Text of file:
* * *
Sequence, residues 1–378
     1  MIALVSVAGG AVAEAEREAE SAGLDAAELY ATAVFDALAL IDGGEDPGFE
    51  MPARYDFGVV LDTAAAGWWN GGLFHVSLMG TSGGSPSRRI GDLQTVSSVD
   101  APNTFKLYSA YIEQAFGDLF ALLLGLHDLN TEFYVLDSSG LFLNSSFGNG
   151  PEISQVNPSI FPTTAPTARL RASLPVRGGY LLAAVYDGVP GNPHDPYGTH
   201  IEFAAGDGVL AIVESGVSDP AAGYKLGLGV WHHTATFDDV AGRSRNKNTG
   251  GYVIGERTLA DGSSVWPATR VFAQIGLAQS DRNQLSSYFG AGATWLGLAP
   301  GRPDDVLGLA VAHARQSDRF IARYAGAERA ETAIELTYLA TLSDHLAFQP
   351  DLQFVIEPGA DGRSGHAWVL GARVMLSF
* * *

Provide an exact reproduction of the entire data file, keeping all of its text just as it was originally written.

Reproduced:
Sequence, residues 1–378
     1  MIALVSVAGG AVAEAEREAE SAGLDAAELY ATAVFDALAL IDGGEDPGFE
    51  MPARYDFGVV LDTAAAGWWN GGLFHVSLMG TSGGSPSRRI GDLQTVSSVD
   101  APNTFKLYSA YIEQAFGDLF ALLLGLHDLN TEFYVLDSSG LFLNSSFGNG
   151  PEISQVNPSI FPTTAPTARL RASLPVRGGY LLAAVYDGVP GNPHDPYGTH
   201  IEFAAGDGVL AIVESGVSDP AAGYKLGLGV WHHTATFDDV AGRSRNKNTG
   251  GYVIGERTLA DGSSVWPATR VFAQIGLAQS DRNQLSSYFG AGATWLGLAP
   301  GRPDDVLGLA VAHARQSDRF IARYAGAERA ETAIELTYLA TLSDHLAFQP
   351  DLQFVIEPGA DGRSGHAWVL GARVMLSF